When the Spanish introduced their stylized pottery to their recently established colony in Mexico, the local artisans blended these new techniques with their established practices to creat the famous Talavera pottery of Mexico.  It is believed that the first workshop was established in the city of Puebla around 1600 AD.  Puebla became the home of authentic Mexican Talavera and is where the first potter’s guilds were formed to establish standards and regulations for the production of Talavera.

Talavera of Puebla Mexico

Authentic Talavera Plate - MH469aThe culture of Mexico reflects the country’s complex history and is the result of the gradual blending of native culture (particularly Mesoamerican) with Spanish culture and other immigrant cultures.

First inhabited more than 10,000 years ago, the cultures that developed in Mexico became one of the cradles of civilization. During the 300 year rule by the Spanish, Mexico became a crossroad for the people and cultures of Europe, Africa and Asia. The government of independent Mexico actively promoted shared cultural traits in order to create a national identity.

The culture of an individual Mexican is influenced by their familial ties, gender, religion, location and social class, among other factors. In many ways, contemporary life in the cities of Mexico has become similar to that in neighboring United States and Europe, with provincial people conserving traditions more so than the city dwellers.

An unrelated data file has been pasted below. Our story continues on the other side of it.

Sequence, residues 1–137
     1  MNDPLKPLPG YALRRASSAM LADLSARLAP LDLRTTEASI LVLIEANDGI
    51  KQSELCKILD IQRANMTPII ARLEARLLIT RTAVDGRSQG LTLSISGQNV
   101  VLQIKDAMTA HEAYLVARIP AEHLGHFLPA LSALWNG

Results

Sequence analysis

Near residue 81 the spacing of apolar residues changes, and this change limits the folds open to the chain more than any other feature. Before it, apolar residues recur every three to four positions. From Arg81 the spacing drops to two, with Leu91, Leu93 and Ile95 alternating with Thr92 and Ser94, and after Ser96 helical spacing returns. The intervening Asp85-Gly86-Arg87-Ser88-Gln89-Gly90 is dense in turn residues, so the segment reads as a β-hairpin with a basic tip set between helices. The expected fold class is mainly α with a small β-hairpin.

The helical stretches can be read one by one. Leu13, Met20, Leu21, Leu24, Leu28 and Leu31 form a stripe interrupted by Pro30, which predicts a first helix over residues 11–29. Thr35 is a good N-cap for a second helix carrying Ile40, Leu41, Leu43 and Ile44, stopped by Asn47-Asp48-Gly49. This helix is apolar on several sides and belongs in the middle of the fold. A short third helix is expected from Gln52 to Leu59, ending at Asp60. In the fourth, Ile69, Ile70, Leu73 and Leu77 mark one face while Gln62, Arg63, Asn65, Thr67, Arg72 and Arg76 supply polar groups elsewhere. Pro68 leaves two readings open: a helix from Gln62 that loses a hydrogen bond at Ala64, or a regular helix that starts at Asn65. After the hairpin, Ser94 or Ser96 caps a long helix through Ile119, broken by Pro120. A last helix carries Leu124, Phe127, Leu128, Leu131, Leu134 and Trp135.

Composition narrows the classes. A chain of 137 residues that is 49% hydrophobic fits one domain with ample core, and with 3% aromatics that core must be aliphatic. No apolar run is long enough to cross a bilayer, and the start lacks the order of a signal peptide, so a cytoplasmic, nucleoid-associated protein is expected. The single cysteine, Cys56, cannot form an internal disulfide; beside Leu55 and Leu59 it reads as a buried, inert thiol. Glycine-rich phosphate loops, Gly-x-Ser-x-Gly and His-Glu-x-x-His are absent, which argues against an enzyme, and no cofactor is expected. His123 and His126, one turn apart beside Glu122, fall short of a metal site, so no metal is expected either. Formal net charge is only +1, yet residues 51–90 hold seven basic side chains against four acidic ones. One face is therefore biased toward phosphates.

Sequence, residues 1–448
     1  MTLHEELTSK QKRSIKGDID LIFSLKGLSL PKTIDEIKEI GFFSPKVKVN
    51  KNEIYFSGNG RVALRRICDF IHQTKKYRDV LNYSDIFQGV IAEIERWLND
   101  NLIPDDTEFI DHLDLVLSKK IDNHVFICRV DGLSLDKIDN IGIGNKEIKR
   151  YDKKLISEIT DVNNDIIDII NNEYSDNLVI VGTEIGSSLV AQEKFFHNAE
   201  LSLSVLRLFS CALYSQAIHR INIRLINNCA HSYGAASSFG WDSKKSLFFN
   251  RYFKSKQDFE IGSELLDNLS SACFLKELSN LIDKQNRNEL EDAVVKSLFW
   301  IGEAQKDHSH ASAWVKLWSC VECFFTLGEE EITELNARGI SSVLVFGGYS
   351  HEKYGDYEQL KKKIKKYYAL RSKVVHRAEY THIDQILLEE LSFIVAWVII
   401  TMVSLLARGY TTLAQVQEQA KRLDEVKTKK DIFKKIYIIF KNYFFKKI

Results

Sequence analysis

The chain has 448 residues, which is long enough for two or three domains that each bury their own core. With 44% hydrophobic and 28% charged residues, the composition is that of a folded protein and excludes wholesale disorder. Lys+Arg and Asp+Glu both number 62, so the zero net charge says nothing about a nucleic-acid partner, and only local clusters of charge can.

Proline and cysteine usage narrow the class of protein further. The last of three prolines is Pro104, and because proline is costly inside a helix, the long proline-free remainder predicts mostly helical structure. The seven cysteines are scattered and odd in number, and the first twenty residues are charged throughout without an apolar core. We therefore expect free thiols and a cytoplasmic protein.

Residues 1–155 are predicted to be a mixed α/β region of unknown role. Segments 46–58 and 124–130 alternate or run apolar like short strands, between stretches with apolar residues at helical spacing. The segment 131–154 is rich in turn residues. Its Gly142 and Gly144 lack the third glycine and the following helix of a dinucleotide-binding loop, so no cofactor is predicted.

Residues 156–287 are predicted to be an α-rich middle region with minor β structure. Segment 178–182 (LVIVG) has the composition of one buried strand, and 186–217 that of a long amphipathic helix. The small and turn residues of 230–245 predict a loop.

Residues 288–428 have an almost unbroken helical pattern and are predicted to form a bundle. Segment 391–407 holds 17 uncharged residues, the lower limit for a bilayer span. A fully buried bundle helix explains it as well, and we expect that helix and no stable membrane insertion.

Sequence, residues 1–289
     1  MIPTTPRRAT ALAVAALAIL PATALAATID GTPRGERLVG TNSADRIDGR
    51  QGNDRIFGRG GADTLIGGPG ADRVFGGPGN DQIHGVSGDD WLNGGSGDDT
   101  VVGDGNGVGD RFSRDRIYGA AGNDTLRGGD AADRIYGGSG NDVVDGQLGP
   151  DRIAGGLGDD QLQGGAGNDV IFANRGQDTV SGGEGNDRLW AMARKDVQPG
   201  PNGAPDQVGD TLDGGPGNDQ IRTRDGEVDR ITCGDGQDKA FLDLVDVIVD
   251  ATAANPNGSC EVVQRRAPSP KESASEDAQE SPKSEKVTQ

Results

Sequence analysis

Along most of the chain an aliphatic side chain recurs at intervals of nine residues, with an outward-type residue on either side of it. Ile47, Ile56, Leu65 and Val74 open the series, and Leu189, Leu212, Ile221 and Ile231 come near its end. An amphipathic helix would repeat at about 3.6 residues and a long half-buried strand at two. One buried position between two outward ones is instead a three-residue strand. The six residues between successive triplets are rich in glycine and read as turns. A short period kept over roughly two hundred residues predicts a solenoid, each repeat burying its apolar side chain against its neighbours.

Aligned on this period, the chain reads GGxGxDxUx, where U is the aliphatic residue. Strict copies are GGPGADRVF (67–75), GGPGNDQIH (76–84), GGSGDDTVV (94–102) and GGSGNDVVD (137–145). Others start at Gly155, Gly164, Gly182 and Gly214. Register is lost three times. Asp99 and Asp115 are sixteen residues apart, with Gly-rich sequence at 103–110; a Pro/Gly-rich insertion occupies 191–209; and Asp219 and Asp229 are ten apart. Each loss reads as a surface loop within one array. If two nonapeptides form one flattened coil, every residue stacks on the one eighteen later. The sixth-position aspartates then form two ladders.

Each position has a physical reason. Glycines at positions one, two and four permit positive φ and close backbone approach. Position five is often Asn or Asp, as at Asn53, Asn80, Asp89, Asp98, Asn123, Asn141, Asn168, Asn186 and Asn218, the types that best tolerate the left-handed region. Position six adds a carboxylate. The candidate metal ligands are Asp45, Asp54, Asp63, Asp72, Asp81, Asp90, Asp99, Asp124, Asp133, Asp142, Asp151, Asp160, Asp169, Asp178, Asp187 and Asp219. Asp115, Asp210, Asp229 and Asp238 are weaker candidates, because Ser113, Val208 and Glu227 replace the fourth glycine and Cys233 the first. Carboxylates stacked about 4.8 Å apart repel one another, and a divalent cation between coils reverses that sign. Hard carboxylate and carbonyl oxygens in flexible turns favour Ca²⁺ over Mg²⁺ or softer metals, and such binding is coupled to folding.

Mexico is known for its folk art traditions, mostly derived from the indigenous and Spanish crafts. Pre-Columbian art thrived over a wide timescale, from 1800 BC to AD 1500. Certain artistic characteristics were repeated throughout the region, namely a preference for angular, linear patterns, and three-dimensional ceramics.

Notable handicrafts include the Talavera of Puebla, the majolica of Guanajuato, the various wares of the Guadalajara area, and barro negro of Oaxaca.

In the early 20th century, interest developed in collecting Talavera Pottery. In 1904, an American by the name of Emily Johnston de Forrest discovered Talavera on a trip to Mexico. She became interested in collecting the works, so she consulted scholars, local collectors and dealers. Eventually, her collection became the base of what is currently exhibited in the Metropolitan Museum of Art in New York. Her enthusiasm was passed onto Edwin Atlee Barber, the curator of the Pennsylvania Museum of Art. He, too, spent time in Mexico and introduced Talavera into the Pennsylvania museum’s collection. He studied the major stylistic periods and how to distinguish the best examples, publishing a guide in 1908 which is still considered authoritative.

During this time period, important museum collections were being assembled in Mexico as well. One of the earliest and most important was the collection of Francisco Perez Salazer in Mexico City.  More recently, the Museo de la Talavera (Talavera Museum) has been established in the city of Puebla, with an initial collection of 400 pieces. The museum is dedicated to recounting the origins, history, expansions and variations in the craft. Pieces include some of the simplest and most complex, as well as those representing different eras.

Mexican Talavera Pottery Can Not be Imitated